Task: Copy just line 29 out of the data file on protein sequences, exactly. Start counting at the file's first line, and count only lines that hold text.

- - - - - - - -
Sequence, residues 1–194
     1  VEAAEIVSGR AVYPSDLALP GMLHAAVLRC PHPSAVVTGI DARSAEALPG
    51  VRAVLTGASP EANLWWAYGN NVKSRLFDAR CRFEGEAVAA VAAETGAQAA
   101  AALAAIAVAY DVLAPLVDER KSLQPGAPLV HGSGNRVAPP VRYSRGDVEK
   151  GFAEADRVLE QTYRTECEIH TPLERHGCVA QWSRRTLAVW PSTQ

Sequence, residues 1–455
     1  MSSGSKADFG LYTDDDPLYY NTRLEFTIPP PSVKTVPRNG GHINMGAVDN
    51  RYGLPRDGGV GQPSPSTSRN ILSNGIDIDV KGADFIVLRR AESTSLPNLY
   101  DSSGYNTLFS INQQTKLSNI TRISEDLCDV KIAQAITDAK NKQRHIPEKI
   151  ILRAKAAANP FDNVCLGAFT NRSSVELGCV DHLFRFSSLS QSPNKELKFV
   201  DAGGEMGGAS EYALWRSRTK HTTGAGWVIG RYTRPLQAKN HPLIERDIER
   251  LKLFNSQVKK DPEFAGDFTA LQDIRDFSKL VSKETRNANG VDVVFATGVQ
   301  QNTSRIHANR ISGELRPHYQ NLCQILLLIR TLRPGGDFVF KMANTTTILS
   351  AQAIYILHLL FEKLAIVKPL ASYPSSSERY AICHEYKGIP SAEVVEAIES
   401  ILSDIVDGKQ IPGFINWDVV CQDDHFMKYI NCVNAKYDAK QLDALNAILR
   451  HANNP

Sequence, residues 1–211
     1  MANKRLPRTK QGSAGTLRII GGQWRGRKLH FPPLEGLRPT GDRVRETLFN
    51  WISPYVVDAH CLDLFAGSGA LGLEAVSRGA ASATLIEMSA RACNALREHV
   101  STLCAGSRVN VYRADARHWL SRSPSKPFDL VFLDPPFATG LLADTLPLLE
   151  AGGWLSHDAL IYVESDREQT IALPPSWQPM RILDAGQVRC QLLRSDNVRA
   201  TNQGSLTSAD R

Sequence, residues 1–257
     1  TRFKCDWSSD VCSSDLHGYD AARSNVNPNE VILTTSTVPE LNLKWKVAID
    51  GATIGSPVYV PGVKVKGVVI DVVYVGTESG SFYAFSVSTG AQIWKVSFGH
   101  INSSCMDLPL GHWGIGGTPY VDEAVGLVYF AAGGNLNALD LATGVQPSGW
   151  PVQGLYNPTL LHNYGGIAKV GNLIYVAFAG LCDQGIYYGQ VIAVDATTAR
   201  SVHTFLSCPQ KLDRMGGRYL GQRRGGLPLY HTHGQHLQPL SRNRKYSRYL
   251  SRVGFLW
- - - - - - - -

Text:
   251  SRVGFLW